- What you need to know: COVID-19 protocols for collegiate athletics vary from canceled seasons to games with over 10,000 fans. The decision making has placed student-athletes in a difficult position: play it safe with the pandemic or pursue their life-long dreams.
In spite of a global pandemic, many colleges and universities across the United States are gearing up for the fall football season. While this slice of normalcy may be comforting, it could also come at an enormous cost – the well-being of the student athletes.
The first installment of a new CU Anschutz webinar series on the ethical dilemmas surrounding work and play focused on the return of collegiate sports in the time of COVID-19.
On Sept. 9, the Center for Health, Work & Environment at the Colorado School of Public Health and the Center for Bioethics and Humanities hosted “Pandemic Play: Collegiate Athletes, Justice and COVID-19.” The session explored the implications of decision making around COVID-19 in the workplace – specifically on the college gridiron.
The discussion featured three panelists: David Bruton, Jr., former Denver Bronco and current student in the Doctor of Physical Therapy Program at the CU School of Medicine; Christine Baugh, PhD, MPH, assistant professor in the Department of Medicine and Center for Bioethics and Humanities; and Gretchen Snoeyenbos Newman, MD, an infectious disease physician and assistant professor at Wayne State University. Lee Newman, MD, MA, distinguished professor and director of the Center for Health, Work & Environment, moderated the roundtable.
“Collegiate athletics are mired in financial and ethical dilemmas, as the safety of athletes and the sustainability of programs are impacted by the pandemic,” Newman said. “We’ve felt that this is an important topic to discuss as we work our way into the next phase of the pandemic.”
‘Who are the decision makers?’
Typically, hundreds of thousands of fans pour onto U.S. college campuses every weekend to join students in cheering their teams to victory. While the pandemic has halted these celebrations for many universities, it is merely a logistical inconvenience for others. The drastic difference in policy — to have a season or to cancel — begs the ethical question: who makes these calls?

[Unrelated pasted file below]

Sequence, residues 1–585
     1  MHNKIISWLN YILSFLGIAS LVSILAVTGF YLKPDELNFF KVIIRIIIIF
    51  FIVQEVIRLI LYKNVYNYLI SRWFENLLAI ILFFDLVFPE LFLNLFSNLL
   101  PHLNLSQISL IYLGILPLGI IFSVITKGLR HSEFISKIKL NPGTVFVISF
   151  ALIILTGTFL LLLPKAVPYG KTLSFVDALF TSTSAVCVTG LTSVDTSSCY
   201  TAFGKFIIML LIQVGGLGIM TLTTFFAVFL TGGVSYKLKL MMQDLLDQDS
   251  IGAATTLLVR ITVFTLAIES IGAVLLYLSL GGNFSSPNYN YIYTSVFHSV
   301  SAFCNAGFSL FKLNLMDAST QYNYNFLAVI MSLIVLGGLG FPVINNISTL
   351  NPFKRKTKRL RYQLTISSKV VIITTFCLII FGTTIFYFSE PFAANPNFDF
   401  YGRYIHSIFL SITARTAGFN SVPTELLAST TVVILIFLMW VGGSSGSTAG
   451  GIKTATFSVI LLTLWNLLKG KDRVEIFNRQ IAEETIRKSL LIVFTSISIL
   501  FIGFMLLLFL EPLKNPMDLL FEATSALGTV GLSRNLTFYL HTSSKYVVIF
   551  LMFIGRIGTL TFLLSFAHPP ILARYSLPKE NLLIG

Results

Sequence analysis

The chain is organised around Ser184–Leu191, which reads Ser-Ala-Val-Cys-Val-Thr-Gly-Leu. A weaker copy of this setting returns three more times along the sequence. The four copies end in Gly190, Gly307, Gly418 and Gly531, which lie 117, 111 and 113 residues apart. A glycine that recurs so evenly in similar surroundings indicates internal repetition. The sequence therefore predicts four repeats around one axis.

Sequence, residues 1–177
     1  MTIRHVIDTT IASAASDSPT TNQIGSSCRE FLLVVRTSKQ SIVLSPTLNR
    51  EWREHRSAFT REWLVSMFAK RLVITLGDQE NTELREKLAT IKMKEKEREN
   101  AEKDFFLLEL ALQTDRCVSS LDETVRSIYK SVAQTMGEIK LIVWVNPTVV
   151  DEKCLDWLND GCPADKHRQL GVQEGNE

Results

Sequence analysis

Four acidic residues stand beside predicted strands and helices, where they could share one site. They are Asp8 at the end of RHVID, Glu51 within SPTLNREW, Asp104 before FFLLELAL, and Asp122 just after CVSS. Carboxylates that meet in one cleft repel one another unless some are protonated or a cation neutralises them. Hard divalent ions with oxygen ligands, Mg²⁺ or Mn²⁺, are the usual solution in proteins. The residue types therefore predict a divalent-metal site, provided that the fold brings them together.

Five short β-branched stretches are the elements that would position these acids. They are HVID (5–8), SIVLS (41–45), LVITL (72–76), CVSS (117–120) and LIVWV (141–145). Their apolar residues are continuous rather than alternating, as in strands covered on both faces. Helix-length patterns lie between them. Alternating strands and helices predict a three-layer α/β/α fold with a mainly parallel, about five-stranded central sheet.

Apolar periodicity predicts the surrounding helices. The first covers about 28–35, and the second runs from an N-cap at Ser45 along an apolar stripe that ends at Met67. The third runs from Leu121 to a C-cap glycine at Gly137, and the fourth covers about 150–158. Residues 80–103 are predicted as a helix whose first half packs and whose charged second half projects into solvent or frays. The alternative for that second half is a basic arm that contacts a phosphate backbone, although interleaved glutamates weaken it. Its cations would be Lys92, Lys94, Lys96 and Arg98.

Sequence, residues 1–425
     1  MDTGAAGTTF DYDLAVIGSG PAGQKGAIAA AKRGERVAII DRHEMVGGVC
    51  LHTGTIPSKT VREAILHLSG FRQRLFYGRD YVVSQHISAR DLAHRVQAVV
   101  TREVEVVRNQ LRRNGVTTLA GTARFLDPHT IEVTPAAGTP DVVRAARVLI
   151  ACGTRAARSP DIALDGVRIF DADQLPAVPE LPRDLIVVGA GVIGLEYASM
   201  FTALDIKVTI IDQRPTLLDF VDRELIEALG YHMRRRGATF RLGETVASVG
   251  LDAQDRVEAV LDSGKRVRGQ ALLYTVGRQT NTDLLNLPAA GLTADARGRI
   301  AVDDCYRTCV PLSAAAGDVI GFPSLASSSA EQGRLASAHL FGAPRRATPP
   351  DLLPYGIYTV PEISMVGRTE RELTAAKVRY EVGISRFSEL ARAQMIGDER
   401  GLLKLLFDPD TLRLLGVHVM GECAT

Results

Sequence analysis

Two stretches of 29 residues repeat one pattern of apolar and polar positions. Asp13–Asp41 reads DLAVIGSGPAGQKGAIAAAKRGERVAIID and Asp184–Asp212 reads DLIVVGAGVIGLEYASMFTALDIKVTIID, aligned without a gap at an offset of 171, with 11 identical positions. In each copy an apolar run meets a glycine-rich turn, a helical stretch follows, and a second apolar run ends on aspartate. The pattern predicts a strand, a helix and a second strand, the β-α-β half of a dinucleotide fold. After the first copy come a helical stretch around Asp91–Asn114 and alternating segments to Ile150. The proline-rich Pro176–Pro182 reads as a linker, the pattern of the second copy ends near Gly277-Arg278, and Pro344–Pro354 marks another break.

“There are tiers of decision makers across collegiate sports,” said Snoeyenbos Newman. “While the National Collegiate Athletic Association, NCAA, has canceled all Division I championships, individual colleges still have the final say.”
David Bruton, Jr.
She said some institutions canceled this year’s season, while others are holding events with upwards of 15,000 fans in attendance.
“We never thought that we would be dealing with the prospect of fans being in the stands,” said Baugh. “But, when you consider the amount of money tied up in this decision making, you can see the financial conflicts of interest.”
In fact, transparency of the decision making varies across the conferences and institutions. There has been a tendency to see more transparency from the ones who decided to not move forward compared to the ones who have. Some colleges have decided to keep COVID-19 cases among student athletes under wraps, claiming that sharing the information would give a competitive advantage to opponents.
“Money is driving this bus,” said Bruton. “Money is the reason why things aren’t as transparent with the Southeastern Conference as they are with the Pacific-12 Conference.”
‘A feeling of obligation’
This disjointed decision making across governing bodies has, in many cases, resulted in foisting the decision on whether to play upon the student-athlete.
There are many things that might go through a player’s mind, said Bruton. “There are childhood goals; the aspiration to earn a paycheck by playing a sport that you love; the need to take care of my family; my neighborhood is counting on me; I need to make good on a promise I’ve made in the past.”
Baugh said the risk-to-benefit ratio of playing is a very personal decision. “It won’t be equitable, as these athletes are coming from widely different backgrounds. Also, 18- to 20-year-olds are not particularly great decision makers, especially with those (decisions) that can affect them later in life. We need to take these factors into consideration when we pass off the decision making.”
This doesn’t mean all sports activities should cease, she said. “We’re saying that we (at a national level) should own this decision. We need clear objective guidelines to keeping the students safe, and we need to ensure that these guidelines are being met.”
This webinar series will continue on Oct. 7 about the rights of vulnerable workers and on Nov. 11, following the election, a session on politics, ethics and worker safety.
To watch a recording of the webinar, please visit the Center for Health, Work & Environment’s YouTube page.